by Eireann Leverett, Marion Marschalek,

Summary : Marion is dangerous. Eireann is pretty. So, pretty.
IoCs (Indicators of Compromise) are a state-of-the-art method to describe the technological aspects of an incident. Currently, we see IoCs composed of rather "cheap" indicators; file hashes, domain names, IP addresses. All have different "cost" attached, in other words we can put two price tags on each indicator: costly for the attacker to change and costly for the defender to apply.
Some IoCs are harder to change for the attackers than others, and we rank such indicators in our presentation, along with the reasoning and experiments that demonstrate this. Some IoCs though are harder for a defender to deploy than others, we analyse and rank these with the rigor you've come to expect from such buccaneers of bitshifting as ourselves. Finally, IoCs naturally also have an associated expiration date, rendering them useless as soon as the attacker managed to adapt. The goal of this research is to build smarter indicators. We aim for indicators, easy thus cheap to extract, but expensive to change. We will present a proof of concept, showing how to extract a plethora of metrics from malicious binaries using a disassembly framework and graph analysis tools, which relate to malware complexity rather than describing meta information. We will discuss each of the metrics, how expensive they are to extract, how resilient they are against changes applied by the attacker, how much information they carry, how closely they are tied to the cost of the actual attack.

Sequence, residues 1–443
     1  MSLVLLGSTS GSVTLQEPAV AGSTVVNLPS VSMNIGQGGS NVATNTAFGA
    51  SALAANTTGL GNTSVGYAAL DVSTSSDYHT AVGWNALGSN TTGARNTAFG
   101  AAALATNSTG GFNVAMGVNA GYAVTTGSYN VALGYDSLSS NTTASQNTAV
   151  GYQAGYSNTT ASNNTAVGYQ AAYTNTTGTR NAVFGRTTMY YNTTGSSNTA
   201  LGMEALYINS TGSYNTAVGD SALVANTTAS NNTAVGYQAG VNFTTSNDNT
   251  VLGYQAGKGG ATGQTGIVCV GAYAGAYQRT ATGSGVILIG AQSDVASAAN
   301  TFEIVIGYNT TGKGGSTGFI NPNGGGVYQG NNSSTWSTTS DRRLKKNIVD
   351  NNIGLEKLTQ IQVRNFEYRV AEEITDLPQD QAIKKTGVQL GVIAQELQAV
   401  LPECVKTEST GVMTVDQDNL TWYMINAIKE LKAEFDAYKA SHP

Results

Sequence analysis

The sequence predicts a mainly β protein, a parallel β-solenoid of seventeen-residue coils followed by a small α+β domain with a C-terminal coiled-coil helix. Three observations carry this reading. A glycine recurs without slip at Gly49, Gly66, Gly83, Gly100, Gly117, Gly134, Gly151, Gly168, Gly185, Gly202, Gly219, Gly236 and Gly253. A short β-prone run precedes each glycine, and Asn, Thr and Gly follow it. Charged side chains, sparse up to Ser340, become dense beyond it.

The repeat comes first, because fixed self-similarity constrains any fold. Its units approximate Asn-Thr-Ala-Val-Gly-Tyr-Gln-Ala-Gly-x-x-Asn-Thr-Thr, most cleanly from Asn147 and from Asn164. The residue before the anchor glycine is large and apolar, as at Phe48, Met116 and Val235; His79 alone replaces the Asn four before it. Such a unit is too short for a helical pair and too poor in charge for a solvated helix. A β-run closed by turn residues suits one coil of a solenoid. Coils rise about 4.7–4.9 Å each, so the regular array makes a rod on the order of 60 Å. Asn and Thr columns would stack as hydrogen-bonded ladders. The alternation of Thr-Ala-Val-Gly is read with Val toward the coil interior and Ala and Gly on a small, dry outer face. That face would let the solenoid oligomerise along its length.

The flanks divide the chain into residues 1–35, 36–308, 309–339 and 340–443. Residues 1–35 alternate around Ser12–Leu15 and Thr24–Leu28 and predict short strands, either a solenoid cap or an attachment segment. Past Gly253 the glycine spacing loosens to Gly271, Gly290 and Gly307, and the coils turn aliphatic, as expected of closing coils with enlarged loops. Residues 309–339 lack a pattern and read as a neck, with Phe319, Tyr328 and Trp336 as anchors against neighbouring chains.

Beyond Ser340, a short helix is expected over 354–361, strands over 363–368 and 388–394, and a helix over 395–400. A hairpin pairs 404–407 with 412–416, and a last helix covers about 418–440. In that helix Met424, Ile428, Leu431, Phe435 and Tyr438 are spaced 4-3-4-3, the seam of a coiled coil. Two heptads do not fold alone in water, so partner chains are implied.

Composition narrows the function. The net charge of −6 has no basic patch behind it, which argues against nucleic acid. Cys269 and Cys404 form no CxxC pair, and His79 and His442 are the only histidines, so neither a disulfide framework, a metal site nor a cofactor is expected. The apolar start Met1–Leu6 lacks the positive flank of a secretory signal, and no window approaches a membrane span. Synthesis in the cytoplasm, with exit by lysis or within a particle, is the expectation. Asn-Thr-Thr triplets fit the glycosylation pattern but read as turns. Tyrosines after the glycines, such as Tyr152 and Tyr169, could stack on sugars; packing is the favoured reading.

Next we analyze the frequency of indicators found in the MISP platform, and compare it to a theoretically ideal ranking. One that would be much more valuable if the indicators were less ephemeral for the attacker and more easily deployable for the defenders. We build our research on the assumption of MISP being the de-facto standard of how indicators are being stored and shared.
Lastly, we go over the MISP taxonomy of IoCs and discuss what indicators we might prefer for the future. This will hopefully lead to further proposals for more indicators in the future, and we'll make sure the audience knows how to propose them in the future.
We'll conclude with a discussion of how cybercovigilance, and post market surveillance are the types of measurement we need most in the community going forward. The frequency of individual technologies vulnerability and exploitation are currently missing from most debates. This is something we hope will change substantially both from this work, and the work of others.